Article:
Common Types of Therapy
Person - Centred/Humanistic
This approach revolves around what the client brings. The Counsellor provides 'unconditional positive regard' (non-judgmental) empathy and sincerity. This type of therapy can take longer than some other counselling as it works at the pace of the clients self - discovery and healing.
This approach was developed from psychoanalysis. It explores how past (especially childhood) experiences affect current feelings, thoughts and behaviours. The clients unconscious processes are brought into conscious awareness. This facilitates the client to change unhelpful behaviour and so improve their quality of life.
Cognitive Behavioural Therapy (CBT)
This approach is used by the UK's NHS as it proved successful by the quantity of people reporting improvements after CBT treatment. The therapy challenges the clients unhelpful beliefs, thoughts and behaviours. As the therapy focuses on thoughts and behaviours - clients whose issues are triggered by their unconscious mind/automatic nervous system can find the therapy ineffective. Positive conscious thoughts are not always enough to manage unconscious automatic reactions. If CBT is combined with psychodynamic approach the therapy becomes a powerful tool for healing.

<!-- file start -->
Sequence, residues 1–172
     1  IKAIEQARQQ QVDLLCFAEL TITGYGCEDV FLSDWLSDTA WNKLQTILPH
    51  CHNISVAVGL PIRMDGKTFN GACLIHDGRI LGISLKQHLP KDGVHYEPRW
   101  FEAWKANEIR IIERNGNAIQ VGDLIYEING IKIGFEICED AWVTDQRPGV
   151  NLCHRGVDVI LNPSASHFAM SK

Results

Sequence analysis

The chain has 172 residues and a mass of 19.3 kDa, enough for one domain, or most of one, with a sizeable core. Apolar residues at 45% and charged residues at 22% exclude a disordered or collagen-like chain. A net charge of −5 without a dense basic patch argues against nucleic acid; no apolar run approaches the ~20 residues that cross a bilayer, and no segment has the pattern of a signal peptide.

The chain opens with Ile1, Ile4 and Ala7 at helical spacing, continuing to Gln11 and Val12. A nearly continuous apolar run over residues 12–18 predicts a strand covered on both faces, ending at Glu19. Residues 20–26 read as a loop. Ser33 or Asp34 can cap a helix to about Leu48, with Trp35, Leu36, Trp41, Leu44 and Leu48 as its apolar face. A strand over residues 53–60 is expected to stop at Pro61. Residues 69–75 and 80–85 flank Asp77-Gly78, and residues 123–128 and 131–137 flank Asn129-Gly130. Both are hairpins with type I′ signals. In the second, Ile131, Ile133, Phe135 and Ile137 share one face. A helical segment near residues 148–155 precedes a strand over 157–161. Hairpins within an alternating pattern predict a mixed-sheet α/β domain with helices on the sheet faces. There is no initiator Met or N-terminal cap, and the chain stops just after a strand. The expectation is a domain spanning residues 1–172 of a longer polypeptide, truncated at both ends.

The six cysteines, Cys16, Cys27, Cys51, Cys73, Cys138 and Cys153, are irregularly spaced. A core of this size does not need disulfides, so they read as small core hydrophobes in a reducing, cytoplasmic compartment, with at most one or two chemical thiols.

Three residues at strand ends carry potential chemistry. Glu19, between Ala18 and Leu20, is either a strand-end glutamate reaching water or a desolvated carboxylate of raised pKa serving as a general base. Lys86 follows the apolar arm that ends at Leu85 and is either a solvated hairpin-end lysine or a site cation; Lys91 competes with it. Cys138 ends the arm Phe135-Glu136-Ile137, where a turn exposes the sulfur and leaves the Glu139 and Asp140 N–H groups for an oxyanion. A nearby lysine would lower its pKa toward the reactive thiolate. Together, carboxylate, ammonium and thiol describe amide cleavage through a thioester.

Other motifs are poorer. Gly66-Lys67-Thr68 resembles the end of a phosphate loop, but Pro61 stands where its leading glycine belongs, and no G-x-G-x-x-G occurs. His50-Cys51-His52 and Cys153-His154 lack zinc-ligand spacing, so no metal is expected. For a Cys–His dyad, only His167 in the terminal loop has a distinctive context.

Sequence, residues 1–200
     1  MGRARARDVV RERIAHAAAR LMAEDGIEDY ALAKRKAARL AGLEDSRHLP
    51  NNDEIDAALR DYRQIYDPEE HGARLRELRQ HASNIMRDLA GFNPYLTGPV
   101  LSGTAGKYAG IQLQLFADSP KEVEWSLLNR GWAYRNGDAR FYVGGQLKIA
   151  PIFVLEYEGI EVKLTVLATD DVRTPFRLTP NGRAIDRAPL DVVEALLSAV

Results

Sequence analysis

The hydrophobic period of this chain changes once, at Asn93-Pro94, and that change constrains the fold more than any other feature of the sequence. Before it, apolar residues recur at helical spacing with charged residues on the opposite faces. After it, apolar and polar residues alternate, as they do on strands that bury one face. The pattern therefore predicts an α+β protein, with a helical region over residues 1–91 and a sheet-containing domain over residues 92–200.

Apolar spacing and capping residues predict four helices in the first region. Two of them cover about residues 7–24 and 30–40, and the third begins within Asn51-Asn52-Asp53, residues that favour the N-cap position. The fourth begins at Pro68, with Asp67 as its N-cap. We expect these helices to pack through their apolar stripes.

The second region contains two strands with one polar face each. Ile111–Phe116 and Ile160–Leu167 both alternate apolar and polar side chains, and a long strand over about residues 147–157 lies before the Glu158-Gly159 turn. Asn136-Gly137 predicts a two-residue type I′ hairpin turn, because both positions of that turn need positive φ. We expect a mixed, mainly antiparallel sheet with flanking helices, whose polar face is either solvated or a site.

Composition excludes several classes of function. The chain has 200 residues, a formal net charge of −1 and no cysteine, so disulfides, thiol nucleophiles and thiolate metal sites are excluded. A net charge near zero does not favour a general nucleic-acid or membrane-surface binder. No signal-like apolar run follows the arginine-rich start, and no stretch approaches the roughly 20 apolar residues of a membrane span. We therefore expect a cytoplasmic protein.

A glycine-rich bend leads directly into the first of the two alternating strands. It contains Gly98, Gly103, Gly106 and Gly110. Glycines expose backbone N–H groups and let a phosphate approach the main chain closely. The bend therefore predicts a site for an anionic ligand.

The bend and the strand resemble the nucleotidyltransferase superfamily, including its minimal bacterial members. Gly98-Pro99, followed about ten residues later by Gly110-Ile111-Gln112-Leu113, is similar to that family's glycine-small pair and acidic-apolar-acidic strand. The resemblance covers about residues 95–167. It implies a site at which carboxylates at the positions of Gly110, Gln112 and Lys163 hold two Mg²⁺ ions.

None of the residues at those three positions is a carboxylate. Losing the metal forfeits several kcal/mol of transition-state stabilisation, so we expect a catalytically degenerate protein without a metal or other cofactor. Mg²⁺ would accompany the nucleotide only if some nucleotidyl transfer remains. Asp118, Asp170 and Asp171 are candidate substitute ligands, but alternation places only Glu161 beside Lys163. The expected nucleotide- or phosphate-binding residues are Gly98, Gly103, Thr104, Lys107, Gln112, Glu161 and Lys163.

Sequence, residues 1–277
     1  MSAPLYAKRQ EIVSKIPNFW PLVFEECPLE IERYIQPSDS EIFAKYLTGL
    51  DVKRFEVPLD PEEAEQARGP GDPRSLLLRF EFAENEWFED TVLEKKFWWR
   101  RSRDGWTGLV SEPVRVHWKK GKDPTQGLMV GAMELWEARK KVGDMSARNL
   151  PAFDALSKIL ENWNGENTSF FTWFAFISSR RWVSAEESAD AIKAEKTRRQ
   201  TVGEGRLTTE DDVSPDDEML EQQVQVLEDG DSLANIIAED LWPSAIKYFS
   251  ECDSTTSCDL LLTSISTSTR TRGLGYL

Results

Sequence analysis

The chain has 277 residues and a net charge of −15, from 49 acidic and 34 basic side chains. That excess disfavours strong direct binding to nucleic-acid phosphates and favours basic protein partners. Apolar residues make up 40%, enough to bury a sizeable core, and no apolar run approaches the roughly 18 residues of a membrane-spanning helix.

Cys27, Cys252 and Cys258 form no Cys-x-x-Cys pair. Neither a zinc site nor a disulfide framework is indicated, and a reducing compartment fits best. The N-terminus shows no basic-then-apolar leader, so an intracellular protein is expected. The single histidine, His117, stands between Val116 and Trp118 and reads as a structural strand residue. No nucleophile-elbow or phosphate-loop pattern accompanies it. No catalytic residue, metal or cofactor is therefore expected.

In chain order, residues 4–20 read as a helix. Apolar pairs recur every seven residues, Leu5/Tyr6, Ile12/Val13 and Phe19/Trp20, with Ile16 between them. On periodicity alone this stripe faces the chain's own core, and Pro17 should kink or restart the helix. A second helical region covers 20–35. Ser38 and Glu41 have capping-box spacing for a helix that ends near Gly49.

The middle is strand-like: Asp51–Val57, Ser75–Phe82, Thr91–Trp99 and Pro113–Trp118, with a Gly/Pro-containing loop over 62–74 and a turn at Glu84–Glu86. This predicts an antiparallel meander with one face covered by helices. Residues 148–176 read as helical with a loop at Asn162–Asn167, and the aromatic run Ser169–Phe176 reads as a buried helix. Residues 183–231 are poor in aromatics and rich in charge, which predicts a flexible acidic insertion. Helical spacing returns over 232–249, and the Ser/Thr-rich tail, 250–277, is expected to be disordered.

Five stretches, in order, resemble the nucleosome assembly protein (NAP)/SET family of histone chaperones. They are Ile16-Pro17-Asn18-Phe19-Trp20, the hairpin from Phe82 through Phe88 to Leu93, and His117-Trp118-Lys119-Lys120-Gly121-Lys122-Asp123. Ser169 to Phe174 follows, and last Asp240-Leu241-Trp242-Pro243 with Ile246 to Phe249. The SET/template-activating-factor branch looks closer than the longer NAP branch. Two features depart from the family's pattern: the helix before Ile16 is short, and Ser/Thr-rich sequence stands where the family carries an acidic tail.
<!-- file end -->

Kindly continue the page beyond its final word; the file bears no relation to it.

CBT requires the client to 'try out' new ways of behaving and thinking in their life and report back at the next counselling session. This can bring about fast positive changes in the clients life.
This is the therapy I offer (specifically 'The Clarkson Five Relational Model')
As an 'Integrative Counsellor' I treat the client as a whole - taking experiences from their whole life into account. I am lead by the clients needs using person - centred and psychodynamic approaches. I use therapies (in the style of those mentioned above) that facilitate the clients awareness of behaviours and influences. Increasing awareness and providing useful psychological tools empowers clients in the areas of better relating with others and making good life choices.